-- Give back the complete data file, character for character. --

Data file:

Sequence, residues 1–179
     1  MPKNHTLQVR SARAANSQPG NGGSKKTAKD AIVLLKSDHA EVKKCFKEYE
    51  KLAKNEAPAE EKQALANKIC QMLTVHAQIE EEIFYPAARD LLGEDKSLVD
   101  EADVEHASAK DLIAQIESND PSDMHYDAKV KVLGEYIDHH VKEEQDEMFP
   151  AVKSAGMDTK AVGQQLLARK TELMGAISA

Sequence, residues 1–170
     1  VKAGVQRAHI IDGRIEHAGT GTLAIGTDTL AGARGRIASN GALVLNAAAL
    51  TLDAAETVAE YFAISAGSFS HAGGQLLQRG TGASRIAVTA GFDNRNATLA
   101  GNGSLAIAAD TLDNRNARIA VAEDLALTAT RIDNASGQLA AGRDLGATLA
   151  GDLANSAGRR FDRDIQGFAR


Sequence, residues 1–179
     1  MPKNHTLQVR SARAANSQPG NGGSKKTAKD AIVLLKSDHA EVKKCFKEYE
    51  KLAKNEAPAE EKQALANKIC QMLTVHAQIE EEIFYPAARD LLGEDKSLVD
   101  EADVEHASAK DLIAQIESND PSDMHYDAKV KVLGEYIDHH VKEEQDEMFP
   151  AVKSAGMDTK AVGQQLLARK TELMGAISA

Sequence, residues 1–170
     1  VKAGVQRAHI IDGRIEHAGT GTLAIGTDTL AGARGRIASN GALVLNAAAL
    51  TLDAAETVAE YFAISAGSFS HAGGQLLQRG TGASRIAVTA GFDNRNATLA
   101  GNGSLAIAAD TLDNRNARIA VAEDLALTAT RIDNASGQLA AGRDLGATLA
   151  GDLANSAGRR FDRDIQGFAR